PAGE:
The Panama Canal was named one of the seven wonders of the modern world by the American Society of Civil Engineers in 1994. It is indeed a wonder to experience! Grayden and I enjoyed the full transit of the Queen Elizabeth on our recent voyage.
Approaching the Atlantic Bridge we excitedly prepared to journey the marine shortcut that saves distance and time and costs to goods that are shipped around the world. We will travel the route that connects the Atlantic and the Pacific oceans at the narrowest point of the Isthmus of Panama and the Americas!
The first effort to build a route through Panama was first began by the French in 1880. Disease and financial issues forced them to give up their initiative. When Panama consolidated its independence in 1903, they agreed to let the United States begin constrution on a canal. The USA took full charge of the canal until 1999 when Panama assumed full operation of the canal. The waterway is managed by the Panama Canal Authority as an autonomous government entity.
The canal operates through a series of locks, each with two lanes, which serve as water lifts that raise vessels to the level of the Gatun Lake that is 88 1/2 feet above sea level. This allows the ship to cross the Central Mountain Range, and then lower it to sea level on the other side of the Isthmus! Amazing!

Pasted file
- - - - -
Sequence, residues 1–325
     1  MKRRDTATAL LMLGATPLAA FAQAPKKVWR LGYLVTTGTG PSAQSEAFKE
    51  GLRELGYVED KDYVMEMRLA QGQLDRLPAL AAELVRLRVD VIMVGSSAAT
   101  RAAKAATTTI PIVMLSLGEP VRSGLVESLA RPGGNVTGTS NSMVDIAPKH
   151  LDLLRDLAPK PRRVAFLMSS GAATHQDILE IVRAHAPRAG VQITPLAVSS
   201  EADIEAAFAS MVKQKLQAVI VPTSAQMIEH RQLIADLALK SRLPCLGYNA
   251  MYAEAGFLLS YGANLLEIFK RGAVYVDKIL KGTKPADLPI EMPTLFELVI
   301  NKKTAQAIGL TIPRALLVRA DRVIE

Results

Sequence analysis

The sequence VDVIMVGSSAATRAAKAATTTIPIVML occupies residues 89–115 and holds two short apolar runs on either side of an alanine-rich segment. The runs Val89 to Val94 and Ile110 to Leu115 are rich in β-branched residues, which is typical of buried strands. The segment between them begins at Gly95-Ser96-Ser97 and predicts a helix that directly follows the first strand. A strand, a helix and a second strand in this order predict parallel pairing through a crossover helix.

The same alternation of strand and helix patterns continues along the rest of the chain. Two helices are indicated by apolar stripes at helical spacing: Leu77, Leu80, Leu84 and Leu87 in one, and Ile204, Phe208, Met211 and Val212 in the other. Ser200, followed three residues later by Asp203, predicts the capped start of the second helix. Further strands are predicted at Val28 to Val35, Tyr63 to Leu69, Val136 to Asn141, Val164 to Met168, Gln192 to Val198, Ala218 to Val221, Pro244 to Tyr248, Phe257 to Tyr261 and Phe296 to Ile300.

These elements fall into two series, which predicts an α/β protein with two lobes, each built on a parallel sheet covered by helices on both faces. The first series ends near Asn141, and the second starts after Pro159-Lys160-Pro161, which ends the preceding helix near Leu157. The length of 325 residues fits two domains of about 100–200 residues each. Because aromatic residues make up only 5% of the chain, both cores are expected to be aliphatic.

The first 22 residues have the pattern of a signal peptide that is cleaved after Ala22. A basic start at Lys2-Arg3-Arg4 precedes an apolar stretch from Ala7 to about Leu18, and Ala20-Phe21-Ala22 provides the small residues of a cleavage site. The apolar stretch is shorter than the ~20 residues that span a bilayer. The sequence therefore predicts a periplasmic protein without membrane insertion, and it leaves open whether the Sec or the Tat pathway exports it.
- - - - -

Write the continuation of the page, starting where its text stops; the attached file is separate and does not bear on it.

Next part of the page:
Everyone is excited to view the sights that are before us.
The water that is used to raise and lower the vessels in each set of locks comes from the Gatun Lake. Gravity pours the water through the locks from culverts.
The tracks you see on the sides of the canal are for the locomotives that pull the ships through the locks. It's a fascinating process to observe!
Men in a boat attach a guide wire to the ship on each side and then the locomotives muscle their way to the opening of each lock.
The process of transiting the Panama Canal is an all day process as there are about 50 miles to cover along with the three sets of locks. It's a lovely journey as we sail along the peaceful waters.
We didn't see them on this transit. I don't think we'll be swimming here! Though there was a man that did transit the Panama Canal swimming! Richard Halliburton paid 36 cents to swim the canal in 1928. Ships pay a premium to transit the canal based on weight and number of passengers.
As technical as the locks and this system appears, they are still using men in a row boat to connect the guide wires to the ship!
The last set of locks are the Miraflores Locks. There is a grand stand viewing area to watch the workings of the canal if you are visiting Panama.
There were many folks viewing the Queen Elizabeth as she transited these locks. It appeared to be school groups enjoying watching the lock system in action. Engineering students would love learning and seeing this amazing process!
We were happy to see deer grazing in the grass along this area.
Looking back at The Bridge of the Americas we see the moon peeking through the clouds. We enjoyed a lovely day traveling along these unique shores and marveling at the amazing Panama Canal. It truly is a wonder of the modern world!
Thank you for coming along with us to the Panama Canal. We will now be sailing along the Pacific toward Costa Rica. I hope you will join me on our next adventure on our voyage.